I heard that in astronomy most people do only one or two postdocs. If they haven't found a permanent position after this, they quit astronomy and find a job in a different field like physics, economics, or information technology. And the vast majority of people who get a PhD in astronomy will end up quitting astronomy because the astronomy is one of the hardest field to get into.

But suppose that your parents were rich and provided you with more than enough money to live for as long as you wanted, which means that you have no pressure to quit your postdocs to get a job in a different field than astronomy in order to earn more money.

Would it be possible to continue doing postdocs after postdocs for up to 15 years (so up to 6 postdocs) to increase your chance of getting a permanent position compared to those who only do one or two postdocs?

Or would doing more than 2 postdocs not increase your chance of getting a permanent position anymore? Maybe all employers reject people who do more than 2 postdocs because they all see them as failures, no-good, incompetent and unskillful?

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    Posting as a comment because it's just hearsay - I heard that in some fields, you can apply for postdocs for up to 7 years from acquiring your PhD, but no longer. I heard astronomy is one of those fields. I have no memory of the source of this information, or whether it is really valid.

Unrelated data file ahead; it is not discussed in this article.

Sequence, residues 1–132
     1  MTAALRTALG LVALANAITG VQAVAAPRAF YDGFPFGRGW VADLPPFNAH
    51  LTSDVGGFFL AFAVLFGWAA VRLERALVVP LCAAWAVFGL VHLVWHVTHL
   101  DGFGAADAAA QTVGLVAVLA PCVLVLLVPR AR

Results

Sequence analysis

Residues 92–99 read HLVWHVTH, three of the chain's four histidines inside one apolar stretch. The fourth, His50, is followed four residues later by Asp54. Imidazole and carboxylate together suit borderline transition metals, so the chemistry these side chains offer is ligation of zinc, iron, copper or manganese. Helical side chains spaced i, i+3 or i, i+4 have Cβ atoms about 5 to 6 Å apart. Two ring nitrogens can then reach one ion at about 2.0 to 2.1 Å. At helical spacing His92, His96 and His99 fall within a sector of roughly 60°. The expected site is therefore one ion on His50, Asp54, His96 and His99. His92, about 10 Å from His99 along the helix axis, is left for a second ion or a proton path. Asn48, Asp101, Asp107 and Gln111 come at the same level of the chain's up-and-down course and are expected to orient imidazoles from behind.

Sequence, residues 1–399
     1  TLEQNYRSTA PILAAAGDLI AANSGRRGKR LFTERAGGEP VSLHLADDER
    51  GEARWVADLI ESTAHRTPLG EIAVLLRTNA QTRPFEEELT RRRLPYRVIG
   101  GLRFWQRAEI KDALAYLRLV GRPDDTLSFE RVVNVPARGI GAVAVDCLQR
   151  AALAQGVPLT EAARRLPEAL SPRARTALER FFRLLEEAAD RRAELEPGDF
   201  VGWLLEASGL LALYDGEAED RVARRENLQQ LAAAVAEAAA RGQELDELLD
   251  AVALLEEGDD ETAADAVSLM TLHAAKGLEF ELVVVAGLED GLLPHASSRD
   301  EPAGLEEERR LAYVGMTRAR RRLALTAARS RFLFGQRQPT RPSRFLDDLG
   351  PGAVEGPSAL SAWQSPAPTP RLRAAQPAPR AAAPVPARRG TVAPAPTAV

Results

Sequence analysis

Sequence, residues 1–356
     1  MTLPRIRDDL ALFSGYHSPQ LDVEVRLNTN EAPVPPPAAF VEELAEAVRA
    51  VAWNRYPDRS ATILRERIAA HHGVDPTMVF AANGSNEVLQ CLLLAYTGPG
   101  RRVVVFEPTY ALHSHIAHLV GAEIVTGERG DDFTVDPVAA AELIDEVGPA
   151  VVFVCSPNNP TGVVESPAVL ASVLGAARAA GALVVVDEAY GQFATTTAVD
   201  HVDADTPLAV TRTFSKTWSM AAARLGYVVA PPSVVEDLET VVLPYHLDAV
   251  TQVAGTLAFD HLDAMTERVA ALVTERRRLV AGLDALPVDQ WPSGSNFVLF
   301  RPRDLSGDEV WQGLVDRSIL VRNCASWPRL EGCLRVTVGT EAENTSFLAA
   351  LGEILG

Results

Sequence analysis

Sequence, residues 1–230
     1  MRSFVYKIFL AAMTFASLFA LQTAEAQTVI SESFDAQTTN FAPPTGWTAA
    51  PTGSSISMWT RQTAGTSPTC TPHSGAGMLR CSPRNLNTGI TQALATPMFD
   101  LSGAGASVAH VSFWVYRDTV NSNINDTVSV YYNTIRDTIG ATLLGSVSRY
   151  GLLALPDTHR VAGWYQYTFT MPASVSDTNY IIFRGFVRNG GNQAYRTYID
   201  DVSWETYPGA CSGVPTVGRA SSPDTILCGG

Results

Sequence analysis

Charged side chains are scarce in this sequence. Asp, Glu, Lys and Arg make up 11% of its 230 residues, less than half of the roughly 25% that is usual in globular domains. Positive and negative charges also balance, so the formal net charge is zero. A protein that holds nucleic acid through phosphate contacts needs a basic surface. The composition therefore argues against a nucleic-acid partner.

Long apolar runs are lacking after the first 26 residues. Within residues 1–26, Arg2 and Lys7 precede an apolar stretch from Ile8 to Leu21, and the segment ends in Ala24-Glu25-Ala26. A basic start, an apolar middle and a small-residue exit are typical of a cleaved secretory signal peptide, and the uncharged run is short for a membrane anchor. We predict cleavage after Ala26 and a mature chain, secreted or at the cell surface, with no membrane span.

– Ana
    Jan 18, 2016 at 22:30
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    In addition to what @Ana said, I think many PIs take the point of view that in hiring a postdoc, they are not only getting someone to work for/with them for a couple years, but also training a future independent researcher. At some point in your sequence of postdocs, it would become clear to everyone that you are not likely to become an independent researcher anytime soon, so your likelihood of getting hired for that many postdocs would probably be very slim. Jan 18, 2016 at 23:28
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    @NateEldredge the permanent postdoc can be a real blessing for both the PI and postdoc under the right circumstances. I know a number of 15+ year postdocs that simply do not want to teach or write grants, but are happy turning the research crank.
    – StrongBad
    Jan 18, 2016 at 23:53
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    Rename postdoc to Research Fellow, and it sounds better. Why not be a permanent Research Fellow, funded by <your very own> charity? Jan 19, 2016 at 0:28